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NCJ Number: 64174 Find in a Library
Title: DELINQUENCY OF THE AMERICAN INDIAN
Journal: JOURNAL OF CRIMINAL LAW AND CRIMINOLOGY  Volume:36  Dated:(1945)  Pages:75-84
Author(s): H VONHENTIG
Corporate Author: Northwestern University
United States of America
Date Published: 1945
Page Count: 10
Sponsoring Agency: Northwestern University
Evanston, IL 60201
Type: Report (Study/Research)
Format: Article
Language: English
Country: United States of America
Annotation: THE TYPES AND CAUSES OF CRIMES COMMITTED BY AMERICAN INDIANS WERE ANALYZED IN A 1945 STUDY BASED ON UNIFORM CRIME REPORTS AND CENSUS INFORMATION.
Abstract: DURING THE PERIOD 1935 TO 1944 ARRESTS OF INDIANS INCREASED, AND ARRESTS AND PRISON ADMISSIONS WERE PROPORTIONATELY HIGHER FOR INDIANS THAN FOR WHITES. INDIANS IN THE UNITED STATES IN 1945 WERE SUBJECT TO THREE JURISDICTIONS--FEDERAL, STATE, AND INDIAN COURTS--BUT MOST CASES WERE DECIDED BY INDIAN COURTS. MANY INDIANS IDENTIFIED BY THE CENSUS WERE NOT FULL-BLOODED, AND THE DEFINITION OF HOW MUCH INDIAN BLOOD LEGALLY CONSTITUTED AN INDIAN VARIED CONSIDERABLY. ALTHOUGH THE SUPERINTENDENTS OF INDIAN RESERVATIONS EXERCISED SOME DISCRETIONARY POWER OVER THE INDIAN COURTS, THIS PRIVILEGE HAD NO LEGAL BASIS. A 1929 SURVEY OF INDIANS SHOWED THAT DRUNKENNESS ACCOUNTED FOR OVER HALF OF ALL INDIAN OFFENSES. OTHER OFFENSES, SUCH AS SEX, GAME LAW, AND CERTAIN PROPERTY OFFENSES WERE NOT OFFENSES BY TRADITIONAL INDIAN LAW. WHILE THE INDIAN COURTS PUNISHED WITH JAIL SENTENCES, THE REGULAR COURTS RELIED ON FINES BECAUSE OF PRISON OVERCROWDING AND THE BELIEF THAT JAIL WAS OFTEN MORE COMFORTABLE THAN THE INDIANS' HOMES. INDIAN DELINQUENCY DIFFERED FROM THAT OF OTHER RACIAL MINORITIES BECAUSE OF CULTURAL VALUES THAT WERE IN CONFLICT WITH LEGAL CODES AND THE IMPACT ON INDIAN MALES OF THEIR ECONOMIC DISPLACEMENT. THESE HANDICAPS WERE AGGRAVATED BY INDIAN CUSTOMS OF HOSPITALITY AND SLEEPING ON THE FLOOR COMBINED WITH OVERCROWDED LIVING CONDITIONS WHICH PROMOTED DISEASES SUCH AS TUBERCULOSIS AND SYPHILIS. FOOTNOTES ARE PROVIDED. (MJM)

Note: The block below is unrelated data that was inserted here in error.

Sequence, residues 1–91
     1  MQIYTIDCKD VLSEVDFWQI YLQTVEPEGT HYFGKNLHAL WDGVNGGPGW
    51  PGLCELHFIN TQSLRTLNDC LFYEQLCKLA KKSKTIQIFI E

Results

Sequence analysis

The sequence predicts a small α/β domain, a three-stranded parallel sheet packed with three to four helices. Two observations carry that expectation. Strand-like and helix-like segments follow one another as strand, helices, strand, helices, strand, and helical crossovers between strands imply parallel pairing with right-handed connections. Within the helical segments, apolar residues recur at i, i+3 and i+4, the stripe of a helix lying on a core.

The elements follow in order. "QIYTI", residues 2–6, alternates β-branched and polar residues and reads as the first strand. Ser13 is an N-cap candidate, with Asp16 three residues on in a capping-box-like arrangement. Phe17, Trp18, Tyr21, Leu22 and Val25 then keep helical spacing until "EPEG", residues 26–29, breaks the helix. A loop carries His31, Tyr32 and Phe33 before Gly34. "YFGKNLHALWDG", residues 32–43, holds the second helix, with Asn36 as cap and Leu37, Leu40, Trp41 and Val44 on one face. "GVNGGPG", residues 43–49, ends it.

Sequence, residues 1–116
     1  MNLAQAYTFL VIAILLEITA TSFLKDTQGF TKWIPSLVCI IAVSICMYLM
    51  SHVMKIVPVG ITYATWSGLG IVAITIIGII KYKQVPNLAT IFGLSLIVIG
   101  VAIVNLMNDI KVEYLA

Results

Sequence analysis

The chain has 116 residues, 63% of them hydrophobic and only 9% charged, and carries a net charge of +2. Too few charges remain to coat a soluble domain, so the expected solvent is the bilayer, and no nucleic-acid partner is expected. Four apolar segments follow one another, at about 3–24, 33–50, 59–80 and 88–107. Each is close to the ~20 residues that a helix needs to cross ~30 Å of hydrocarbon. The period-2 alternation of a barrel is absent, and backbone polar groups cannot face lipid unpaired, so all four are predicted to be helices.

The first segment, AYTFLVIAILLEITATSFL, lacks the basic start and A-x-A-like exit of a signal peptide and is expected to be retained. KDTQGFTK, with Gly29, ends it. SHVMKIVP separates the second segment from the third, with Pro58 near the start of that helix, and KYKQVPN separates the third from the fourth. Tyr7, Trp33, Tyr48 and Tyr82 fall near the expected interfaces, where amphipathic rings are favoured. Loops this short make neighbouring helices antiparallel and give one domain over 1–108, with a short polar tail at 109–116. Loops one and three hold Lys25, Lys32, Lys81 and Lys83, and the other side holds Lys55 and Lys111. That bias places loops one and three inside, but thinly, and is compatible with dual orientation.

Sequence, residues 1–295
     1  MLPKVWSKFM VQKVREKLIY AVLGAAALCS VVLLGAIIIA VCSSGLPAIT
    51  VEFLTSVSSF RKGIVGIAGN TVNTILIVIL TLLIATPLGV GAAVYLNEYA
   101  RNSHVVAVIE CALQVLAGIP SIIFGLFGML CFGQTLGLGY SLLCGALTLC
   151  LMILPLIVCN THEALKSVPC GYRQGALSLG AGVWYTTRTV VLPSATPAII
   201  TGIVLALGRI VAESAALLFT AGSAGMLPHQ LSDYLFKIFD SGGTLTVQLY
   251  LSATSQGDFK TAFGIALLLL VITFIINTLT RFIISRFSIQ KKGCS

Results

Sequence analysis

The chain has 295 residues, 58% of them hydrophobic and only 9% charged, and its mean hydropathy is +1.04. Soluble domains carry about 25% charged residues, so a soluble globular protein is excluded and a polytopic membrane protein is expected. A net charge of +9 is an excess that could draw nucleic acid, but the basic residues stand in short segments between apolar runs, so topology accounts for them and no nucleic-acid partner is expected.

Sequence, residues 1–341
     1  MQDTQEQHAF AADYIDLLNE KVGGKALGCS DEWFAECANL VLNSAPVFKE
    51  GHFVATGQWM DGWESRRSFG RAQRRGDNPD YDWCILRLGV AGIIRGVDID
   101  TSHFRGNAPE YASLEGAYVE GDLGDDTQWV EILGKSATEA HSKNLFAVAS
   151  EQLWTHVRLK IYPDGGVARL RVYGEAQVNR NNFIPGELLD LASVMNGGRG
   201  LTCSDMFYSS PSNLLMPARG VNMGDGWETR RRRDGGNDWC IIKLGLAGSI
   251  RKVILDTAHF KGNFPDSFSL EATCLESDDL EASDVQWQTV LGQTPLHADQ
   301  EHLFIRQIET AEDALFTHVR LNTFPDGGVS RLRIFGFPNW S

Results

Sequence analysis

Index Term(s): American Indians; Crime Causes; Crime rate studies; Cultural influences; Indian justice; Reservation crimes; Tribal court system; Tribal history
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http://www.ncjrs.gov/App/publications/abstract.aspx?ID=64174

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